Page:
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United States Department of Agriculture

Agricultural Research Service


item Hatch, Upton
item Jagtap, Shrikant
item Jones, Jim
item Lamb, Marshall

Submitted to: Journal of the American Water Resources Association
Publication Type: Peer Reviewed Journal
Publication Acceptance Date: 2/2/1999
Publication Date: N/A
Citation: N/A

Interpretive Summary: Water for irrigation in the Southest United States has increased in importance due to increased irrigated acreage as well as competition from municipal and environmental interest. Future increases in water demand from both agricultural and non-agricultural sectors will further burden our natural resource base. To address the potential for such changes, the potential effects of climate change on agricultural water use in the Southeast were analyzed. Climate prediction models generated climatological data for use in crop response models for prediction of crop output changes for Georgia in 2030 and 2090. The output changes were incorporated into a farm management model and mathematically optimized to address the impact of climate change on crop selection, farm income, and irrigated water usage. Changes in crop mix results indicating substantial decreases in corn acreage paralleled by increases in peanuts, cotton, and winter wheat.

Technical Abstract: Climate change has the potential to have dramatic effects on the agricultural sector, nationally and internationally, as documented in many research papers. This paper reports on research that was focused on a specific growing area to demonstrate how farm managers might respond to climate-induced yield changes and the implications of these responses for agricultural water use. The Hadley model was used to generate climate scenarios for important agricultural areas of Georgia in 2030 and 2090. Linked crop response models indicated generally positive yield changes, as increased temperatures were associated with increased precipitation and CO2. Using a farm management model, differences in climate-induced yield impacts among crops led to changes in crop mix and associated water use; non-irrigated cropland received greater benefit since irrigated land was already receiving adequate moisture. Model results suggest that farm managers will increase cropping intensity by decreasing fallowing and increasing double cropping. Corn decreased dramatically, peanuts moderatley and cotton and winter wheat increased. Water use on currently irrigated cropland fell. The potential for increased water use through conversion of agriculturally important, but currently non-irrigated, growing areas is substantial.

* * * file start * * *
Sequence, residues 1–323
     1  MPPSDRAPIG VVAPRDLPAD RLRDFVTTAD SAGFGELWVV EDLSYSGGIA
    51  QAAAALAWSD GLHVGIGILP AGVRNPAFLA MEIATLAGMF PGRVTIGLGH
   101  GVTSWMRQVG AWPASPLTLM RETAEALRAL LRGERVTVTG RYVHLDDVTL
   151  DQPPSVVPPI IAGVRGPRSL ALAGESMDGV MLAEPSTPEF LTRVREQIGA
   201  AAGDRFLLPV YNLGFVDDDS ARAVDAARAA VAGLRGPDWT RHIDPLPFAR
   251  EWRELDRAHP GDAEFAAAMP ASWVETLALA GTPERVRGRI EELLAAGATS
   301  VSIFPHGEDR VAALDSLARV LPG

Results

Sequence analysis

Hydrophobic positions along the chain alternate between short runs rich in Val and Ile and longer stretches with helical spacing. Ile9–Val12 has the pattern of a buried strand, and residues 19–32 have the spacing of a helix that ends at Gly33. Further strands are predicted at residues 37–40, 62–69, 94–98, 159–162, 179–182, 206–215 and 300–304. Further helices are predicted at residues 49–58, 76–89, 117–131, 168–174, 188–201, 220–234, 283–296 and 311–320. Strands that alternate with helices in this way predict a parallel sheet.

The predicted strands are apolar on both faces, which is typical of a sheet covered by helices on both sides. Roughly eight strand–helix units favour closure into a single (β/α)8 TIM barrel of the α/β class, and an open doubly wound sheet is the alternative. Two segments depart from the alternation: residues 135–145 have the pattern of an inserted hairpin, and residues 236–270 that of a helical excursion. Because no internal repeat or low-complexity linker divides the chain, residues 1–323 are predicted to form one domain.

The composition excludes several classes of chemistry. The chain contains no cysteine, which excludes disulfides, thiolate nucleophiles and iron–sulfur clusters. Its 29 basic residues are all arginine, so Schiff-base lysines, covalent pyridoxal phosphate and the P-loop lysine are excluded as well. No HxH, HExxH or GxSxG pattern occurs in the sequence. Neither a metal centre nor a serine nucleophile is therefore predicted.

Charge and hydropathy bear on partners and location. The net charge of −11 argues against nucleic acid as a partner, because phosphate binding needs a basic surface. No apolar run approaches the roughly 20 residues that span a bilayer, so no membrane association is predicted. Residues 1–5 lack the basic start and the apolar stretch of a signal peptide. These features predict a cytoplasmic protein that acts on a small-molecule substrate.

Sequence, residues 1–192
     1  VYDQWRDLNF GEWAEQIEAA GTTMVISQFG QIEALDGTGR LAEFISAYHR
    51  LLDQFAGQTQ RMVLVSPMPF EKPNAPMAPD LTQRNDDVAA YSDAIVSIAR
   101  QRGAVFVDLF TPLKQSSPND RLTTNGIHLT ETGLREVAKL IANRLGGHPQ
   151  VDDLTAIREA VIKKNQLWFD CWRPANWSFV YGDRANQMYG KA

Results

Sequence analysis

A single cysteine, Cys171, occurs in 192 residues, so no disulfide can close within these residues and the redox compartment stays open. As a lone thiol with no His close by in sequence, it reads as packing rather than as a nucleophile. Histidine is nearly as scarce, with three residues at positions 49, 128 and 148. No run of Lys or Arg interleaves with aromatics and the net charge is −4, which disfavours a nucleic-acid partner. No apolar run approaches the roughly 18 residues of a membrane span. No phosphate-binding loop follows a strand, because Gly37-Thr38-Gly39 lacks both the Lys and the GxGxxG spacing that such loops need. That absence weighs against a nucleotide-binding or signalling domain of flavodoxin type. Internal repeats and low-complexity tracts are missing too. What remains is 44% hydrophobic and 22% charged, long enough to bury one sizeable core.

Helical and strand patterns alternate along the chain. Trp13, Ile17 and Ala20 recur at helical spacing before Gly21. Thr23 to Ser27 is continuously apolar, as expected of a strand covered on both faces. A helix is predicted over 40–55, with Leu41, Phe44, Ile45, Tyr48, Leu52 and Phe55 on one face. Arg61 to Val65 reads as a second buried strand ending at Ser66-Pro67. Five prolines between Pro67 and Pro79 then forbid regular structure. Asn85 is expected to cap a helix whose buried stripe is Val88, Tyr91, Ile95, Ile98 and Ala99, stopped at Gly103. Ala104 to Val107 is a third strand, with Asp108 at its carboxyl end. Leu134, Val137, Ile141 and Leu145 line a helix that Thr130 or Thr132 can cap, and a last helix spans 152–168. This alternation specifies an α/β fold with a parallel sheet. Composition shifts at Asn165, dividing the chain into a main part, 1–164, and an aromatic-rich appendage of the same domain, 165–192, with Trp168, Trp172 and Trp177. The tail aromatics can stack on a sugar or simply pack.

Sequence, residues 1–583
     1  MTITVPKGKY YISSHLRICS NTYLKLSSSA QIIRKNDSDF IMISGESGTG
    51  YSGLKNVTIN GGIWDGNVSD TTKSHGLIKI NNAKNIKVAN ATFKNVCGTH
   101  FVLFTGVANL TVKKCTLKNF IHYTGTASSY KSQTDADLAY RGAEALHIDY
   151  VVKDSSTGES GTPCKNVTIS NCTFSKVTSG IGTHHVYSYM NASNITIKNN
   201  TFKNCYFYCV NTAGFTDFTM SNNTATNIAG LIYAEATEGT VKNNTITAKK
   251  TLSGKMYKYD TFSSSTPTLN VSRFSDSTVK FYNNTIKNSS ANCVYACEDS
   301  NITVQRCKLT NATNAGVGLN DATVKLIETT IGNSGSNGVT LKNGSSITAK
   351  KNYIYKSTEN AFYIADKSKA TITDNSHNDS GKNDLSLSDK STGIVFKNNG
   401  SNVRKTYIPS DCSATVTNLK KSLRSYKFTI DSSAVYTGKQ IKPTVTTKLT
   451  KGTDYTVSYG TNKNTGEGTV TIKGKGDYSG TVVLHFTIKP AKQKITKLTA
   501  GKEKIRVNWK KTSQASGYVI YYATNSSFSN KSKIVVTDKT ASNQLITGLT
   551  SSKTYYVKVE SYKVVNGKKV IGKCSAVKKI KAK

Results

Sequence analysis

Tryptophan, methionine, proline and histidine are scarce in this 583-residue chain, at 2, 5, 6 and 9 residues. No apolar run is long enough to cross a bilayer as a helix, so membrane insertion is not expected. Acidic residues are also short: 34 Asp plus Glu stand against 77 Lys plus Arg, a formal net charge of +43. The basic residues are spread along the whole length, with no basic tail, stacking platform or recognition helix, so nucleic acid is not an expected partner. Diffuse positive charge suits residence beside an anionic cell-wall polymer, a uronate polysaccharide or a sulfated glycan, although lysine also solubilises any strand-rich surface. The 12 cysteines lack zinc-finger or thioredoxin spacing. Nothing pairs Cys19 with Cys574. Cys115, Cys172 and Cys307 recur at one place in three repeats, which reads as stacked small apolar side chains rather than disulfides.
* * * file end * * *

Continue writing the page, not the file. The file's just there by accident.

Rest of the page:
Last Modified: 05/25/2017
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